When I first joined the police department I met a lot of different people. There were very energetic people, there were tough guys, there were meek reserved men and there was one regular guy.
He wasn’t one of the giant muscle bound types that you might expect to see in uniform. He was a normal size guy with a smile and boyish charm. Always quick to ask a question or provide some information about a location or person in town, it seemed to me that he knew everyone.
Who is that? I asked my training officer. “That’s Tommy Thompson, he’s a good guy” I was told.
Over the course of the next few weeks; as I learned the ropes and customs of police work as well as the boundaries of the town and the millions of processes that are part and parcel of the job I got to see all these different types of people in action out in the street.
Each cop has their own way of interacting with the public; some were all business, getting directly to the point about a traffic violation or facts in a report. Others would ask questions in a way that sounded more like a request than required information. At times people would ignore the questions and go on and on with whatever line they were trying to get past the officer.
As I concentrated on figuring out what the best way to talk to people was; to get the information I needed as well as the information that they didn’t always want to tell me, I saw this Tom Thompson take a totally unique approach: He spoke to people as if he were standing in his living room talking to a friend.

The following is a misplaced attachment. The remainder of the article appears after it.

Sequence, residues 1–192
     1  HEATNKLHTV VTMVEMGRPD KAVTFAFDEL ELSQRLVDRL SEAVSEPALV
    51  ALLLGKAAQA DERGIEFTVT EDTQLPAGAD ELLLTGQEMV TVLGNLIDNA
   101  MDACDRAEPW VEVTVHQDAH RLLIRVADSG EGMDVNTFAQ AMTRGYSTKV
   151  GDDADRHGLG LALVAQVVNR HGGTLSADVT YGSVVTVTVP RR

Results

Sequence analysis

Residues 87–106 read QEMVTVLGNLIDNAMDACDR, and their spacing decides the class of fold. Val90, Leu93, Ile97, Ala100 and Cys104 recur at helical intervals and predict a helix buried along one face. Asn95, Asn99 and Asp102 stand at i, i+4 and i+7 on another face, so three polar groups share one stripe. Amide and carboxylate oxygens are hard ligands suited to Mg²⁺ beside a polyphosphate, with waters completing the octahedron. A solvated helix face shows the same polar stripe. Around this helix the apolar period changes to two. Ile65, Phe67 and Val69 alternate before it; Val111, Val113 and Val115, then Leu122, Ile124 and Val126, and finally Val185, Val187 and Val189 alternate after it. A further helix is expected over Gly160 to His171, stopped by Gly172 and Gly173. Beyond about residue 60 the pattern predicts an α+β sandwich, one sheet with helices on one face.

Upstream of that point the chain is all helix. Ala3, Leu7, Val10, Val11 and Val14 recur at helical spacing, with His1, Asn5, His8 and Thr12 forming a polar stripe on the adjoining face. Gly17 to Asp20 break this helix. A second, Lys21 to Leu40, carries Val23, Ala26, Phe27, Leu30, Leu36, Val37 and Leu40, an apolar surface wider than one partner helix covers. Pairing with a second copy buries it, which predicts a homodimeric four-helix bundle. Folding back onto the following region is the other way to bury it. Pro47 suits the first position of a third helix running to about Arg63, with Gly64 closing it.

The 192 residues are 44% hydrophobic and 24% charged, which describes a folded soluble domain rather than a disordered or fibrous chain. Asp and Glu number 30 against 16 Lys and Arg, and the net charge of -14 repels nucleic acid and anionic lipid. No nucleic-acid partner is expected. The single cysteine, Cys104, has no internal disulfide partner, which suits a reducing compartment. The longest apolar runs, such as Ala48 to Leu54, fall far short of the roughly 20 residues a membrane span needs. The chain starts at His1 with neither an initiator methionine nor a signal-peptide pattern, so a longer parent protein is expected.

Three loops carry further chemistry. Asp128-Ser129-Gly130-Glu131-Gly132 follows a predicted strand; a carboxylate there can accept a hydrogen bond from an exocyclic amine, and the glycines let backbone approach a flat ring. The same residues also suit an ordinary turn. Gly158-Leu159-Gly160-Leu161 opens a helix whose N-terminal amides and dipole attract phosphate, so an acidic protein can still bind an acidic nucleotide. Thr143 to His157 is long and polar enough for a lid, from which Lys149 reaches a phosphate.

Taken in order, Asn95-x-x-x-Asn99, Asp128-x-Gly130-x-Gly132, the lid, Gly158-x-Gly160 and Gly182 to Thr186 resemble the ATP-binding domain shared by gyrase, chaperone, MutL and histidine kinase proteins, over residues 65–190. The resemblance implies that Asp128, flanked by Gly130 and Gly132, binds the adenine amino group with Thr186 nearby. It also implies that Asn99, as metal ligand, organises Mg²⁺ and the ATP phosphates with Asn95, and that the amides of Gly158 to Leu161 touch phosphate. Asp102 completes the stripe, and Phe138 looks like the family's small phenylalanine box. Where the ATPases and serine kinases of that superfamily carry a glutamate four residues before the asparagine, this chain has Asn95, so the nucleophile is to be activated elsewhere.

His tone was even and inquisitive. He didn’t make threatening comments, instead, if he didn’t get the information he was looking for he asked another question, then another and another.
Eventually the person would say something that was not in line with everything else they had said previously and Tommy would call them on it. It looked almost like the old TV detective Columbo.
“I thought you said you were never over here,” he would say.
When the person he was talking to stumbled over this point Tommy would point that out to them in a direct, but informal way. Amazingly many of these people would admit the truth, at which point Tommy would say something like “I thought so, well you’re under arrest”.
I never forgot that style of questioning, and in fact I found it very powerful. As I developed my own style I incorporated many of those techniques into it, relying on questions and statements of fact to confound the suspect and trip them up.
That was a talent that many people didn’t recognize, and in fact, based on what we see on TV as the way a cop should talk to people, it was the exact opposite. The reality was that it worked.
Not only did Tommy get people to tell him what they did, they never complained about him. I don’t remember many citizen complaints against Officer Thompson for his language or demeanor. Tommy treated everyone like they were deserving of respect.
Another thing I picked up from Tom was the interest he showed in what the person did for a living. In the course of processing someone on a warrant or shoplifting arrest or whatever he would simply talk about their lives. I watched as people would answer him in a conversational tone, often revealing details of their lives that provided additional information they would not have revealed otherwise.